reality (VR) and/or augmented reality

In the region, he said the refining and petrochemical industry was beginning to adopt this predictive approach to maintenance. Major companies like BASF and Aramco are considering the technology, not only for rotating equipment but also for other fixed assets like heat exchangers. In fact, BASF has already adopted the technology and is working with Schneider to deploy it. Saudi Aramco, he said, was piloting the use of predictive analytics software.

But he said adoption by the oil and gas industry will take time. 'Historically, the oil and gas and petrochemical companies are very conservative, so adoption of new technology doesn’t happen quickly. Once they see other industries using this technology and begin to realise the benefits, maybe they would want to look into it. Currently, there is an uptake in the downstream oil and gas industry.'

Turk said the philosophy of preventive maintenance is that the equipment needs to be maintained based on time online. A predictive maintenance philosophy allows plants to wait until an impending problem is identified, giving more time before going for maintenance. So it helps save on maintenance costs.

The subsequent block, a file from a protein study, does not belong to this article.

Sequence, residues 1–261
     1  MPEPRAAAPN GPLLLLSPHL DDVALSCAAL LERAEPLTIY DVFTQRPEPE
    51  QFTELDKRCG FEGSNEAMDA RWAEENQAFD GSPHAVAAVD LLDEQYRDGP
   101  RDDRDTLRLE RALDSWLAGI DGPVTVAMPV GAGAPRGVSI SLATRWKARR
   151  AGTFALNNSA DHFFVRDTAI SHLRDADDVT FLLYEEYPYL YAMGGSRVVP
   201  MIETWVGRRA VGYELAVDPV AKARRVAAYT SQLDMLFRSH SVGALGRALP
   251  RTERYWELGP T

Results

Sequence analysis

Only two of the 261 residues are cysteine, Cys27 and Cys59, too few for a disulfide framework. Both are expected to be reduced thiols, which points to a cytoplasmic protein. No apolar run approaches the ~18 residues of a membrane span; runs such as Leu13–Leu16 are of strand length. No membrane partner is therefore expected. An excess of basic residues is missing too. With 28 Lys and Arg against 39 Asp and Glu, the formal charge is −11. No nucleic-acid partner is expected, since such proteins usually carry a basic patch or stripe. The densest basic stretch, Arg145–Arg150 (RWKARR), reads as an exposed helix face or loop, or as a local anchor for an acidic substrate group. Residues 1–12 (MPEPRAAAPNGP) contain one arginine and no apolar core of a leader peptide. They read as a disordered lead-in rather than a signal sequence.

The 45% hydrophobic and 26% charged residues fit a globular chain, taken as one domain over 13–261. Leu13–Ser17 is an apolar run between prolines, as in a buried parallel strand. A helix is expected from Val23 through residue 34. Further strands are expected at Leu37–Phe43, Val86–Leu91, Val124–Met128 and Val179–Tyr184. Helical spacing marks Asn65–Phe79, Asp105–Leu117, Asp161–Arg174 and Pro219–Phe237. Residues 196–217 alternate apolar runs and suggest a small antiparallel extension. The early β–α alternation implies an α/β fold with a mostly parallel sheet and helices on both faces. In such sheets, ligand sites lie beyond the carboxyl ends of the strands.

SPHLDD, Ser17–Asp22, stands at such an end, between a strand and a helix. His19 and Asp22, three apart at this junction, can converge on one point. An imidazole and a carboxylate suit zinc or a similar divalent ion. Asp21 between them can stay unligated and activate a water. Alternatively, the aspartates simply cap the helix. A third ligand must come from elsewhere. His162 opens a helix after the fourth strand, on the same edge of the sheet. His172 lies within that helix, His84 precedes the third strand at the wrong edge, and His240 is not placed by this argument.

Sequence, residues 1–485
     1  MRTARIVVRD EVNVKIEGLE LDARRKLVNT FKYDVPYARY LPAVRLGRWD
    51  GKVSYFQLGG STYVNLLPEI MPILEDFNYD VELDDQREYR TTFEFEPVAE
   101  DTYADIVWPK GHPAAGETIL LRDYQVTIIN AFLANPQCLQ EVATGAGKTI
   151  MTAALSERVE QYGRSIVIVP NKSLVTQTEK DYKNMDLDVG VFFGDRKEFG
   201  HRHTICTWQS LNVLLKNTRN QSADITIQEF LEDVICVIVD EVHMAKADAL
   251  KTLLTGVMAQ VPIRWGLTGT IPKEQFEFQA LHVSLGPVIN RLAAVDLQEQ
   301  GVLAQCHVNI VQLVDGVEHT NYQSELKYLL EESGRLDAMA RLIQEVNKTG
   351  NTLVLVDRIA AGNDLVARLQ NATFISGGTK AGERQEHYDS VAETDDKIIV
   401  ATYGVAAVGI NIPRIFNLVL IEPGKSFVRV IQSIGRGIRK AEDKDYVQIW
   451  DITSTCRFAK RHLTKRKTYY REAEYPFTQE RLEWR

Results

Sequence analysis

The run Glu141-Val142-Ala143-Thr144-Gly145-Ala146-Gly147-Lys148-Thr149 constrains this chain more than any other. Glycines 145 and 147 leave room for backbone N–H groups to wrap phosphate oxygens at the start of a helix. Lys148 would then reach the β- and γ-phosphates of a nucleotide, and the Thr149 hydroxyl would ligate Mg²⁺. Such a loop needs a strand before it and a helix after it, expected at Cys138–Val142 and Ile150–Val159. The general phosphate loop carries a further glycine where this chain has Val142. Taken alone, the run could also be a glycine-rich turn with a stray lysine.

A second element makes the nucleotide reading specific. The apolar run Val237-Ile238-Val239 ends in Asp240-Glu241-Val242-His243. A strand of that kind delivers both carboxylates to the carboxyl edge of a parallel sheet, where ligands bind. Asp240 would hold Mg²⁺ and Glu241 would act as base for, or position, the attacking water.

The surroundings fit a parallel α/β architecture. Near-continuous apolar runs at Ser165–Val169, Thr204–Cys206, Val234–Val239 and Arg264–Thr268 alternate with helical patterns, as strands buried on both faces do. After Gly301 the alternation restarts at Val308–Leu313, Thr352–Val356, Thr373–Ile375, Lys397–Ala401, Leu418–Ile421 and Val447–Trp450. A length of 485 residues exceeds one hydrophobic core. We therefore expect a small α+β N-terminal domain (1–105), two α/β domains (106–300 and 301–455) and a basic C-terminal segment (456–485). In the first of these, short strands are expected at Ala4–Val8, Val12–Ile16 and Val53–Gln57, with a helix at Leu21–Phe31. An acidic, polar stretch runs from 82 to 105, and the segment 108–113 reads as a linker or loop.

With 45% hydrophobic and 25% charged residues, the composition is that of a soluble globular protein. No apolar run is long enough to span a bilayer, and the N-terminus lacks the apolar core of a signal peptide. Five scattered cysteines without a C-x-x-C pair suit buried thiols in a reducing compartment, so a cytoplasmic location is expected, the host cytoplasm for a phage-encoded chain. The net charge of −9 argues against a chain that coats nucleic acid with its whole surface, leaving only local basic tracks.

A study done by the US Department of Energy showed that preventive maintenance can result in 20-30 per cent increase in production, 60 per cent reduction in downtime, in addition to significantly reducing maintenance cost, improving plant reliability, plant uptime, and eliminating catastrophic failures.

Turk said the original application of the predictive maintenance was in the airline industry, where sensing of jet turbine performance was done. The power industry was then the first to adopt the technology after the airline industry, because it of the many pieces of rotating equipment in plants.